Baby food brand Mamamade reports 300% increase in sales as locked-down parents drive trend for adult standard weaning fare

FacebooktwitterredditpinterestlinkedinmailFacebooktwitterredditpinterestlinkedinmail

Healthy home-made baby food company Mamamade (which launched in the UK in 2019) has reported a 300% increase in food orders since lockdown commenced in March and continues to grow at 40% MOM.

The brand – built on a desire to offer busy parents precious time and headspace – offers 16 delicious plant-based meals for weaning across three product ranges, all with plant-based recipes.

Having seen explosive growth in the last nine months, the brand recently started distributing from a larger dedicated facility for large scale growth, employing a team of chefs (previously at the likes of Bob Bob Ricard) and nutritionists to deliver restaurant-standard food to the door. Packed with a wide variety of nutrient-rich ingredients, Mamamade pouches can be steamed, microwaved, mashed, or pureed in moments. All meals are pre-prepped and measured to minimise any food waste, making the most of the flavour combinations tailored to babies’ palettes.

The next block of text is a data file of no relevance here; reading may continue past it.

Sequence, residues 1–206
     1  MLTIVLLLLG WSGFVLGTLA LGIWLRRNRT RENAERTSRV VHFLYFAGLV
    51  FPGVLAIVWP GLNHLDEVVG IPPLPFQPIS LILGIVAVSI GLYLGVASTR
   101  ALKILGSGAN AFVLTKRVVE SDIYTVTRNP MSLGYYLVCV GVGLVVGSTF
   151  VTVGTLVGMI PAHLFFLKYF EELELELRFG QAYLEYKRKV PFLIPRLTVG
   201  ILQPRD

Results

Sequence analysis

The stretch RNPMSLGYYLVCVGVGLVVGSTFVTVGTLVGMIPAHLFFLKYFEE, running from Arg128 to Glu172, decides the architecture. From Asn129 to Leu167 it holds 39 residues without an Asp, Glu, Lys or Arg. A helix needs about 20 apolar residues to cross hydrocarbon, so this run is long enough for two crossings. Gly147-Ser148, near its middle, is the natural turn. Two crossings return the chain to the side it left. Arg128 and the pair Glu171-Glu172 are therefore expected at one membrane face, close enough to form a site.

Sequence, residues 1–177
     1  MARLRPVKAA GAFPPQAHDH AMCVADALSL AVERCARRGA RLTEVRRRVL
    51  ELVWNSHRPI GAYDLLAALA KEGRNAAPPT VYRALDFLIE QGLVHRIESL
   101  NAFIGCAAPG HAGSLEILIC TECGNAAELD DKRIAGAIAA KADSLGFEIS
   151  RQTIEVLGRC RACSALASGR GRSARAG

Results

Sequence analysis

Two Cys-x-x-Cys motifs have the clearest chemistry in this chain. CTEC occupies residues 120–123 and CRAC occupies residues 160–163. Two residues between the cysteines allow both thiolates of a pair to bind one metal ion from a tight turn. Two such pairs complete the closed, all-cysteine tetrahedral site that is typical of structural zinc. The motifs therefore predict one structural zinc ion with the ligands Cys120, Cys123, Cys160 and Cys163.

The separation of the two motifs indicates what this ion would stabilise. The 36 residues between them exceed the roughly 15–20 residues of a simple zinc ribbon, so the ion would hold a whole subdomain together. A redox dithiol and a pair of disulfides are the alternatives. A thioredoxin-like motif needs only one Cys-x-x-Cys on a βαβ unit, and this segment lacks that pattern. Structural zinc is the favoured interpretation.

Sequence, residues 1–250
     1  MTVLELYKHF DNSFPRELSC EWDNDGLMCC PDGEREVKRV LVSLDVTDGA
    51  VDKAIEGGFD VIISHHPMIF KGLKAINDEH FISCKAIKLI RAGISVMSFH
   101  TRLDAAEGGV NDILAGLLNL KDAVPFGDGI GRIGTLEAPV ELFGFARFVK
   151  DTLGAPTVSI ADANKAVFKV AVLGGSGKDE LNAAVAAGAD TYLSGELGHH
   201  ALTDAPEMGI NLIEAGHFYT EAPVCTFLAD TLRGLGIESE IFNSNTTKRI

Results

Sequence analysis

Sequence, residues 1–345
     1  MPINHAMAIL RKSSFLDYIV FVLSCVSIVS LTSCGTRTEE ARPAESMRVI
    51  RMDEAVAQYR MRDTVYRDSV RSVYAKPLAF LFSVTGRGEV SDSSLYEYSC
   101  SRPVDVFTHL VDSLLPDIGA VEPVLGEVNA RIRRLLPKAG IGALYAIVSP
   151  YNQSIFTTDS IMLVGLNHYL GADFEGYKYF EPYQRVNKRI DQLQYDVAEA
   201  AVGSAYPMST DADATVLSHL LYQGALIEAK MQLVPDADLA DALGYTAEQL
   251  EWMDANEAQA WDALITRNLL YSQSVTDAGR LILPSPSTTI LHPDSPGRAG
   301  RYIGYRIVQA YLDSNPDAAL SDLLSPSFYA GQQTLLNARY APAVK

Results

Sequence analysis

The brand has responded to the increase in demand by developing a breakfast range designed for a parent and child to share, something that is a growing trend in weaning. NPD includes Sweet Potato and Cinnamon Porridge and a Blueberry and Lemon Breakfast Bowl, with additional porridges and finger foods set to launch in June. The all-natural, allergen free meals are freshly flash frozen (so nutrients don’t escape) are available via a subscription service and can be ordered digitally via the Mamamade website, directly delivered door-to-door.

Sophie Baron, founder of Mamamade, explains: “As a working parent myself, I spotted a lack of support for busy parents. I have developed Mamamade entirely in response to feedback and data from my customer base, now providing more variety than other baby foods on the market, free from nasties and artificial sugars. Our meals are 100% plant-based, a category which is only set to grow.”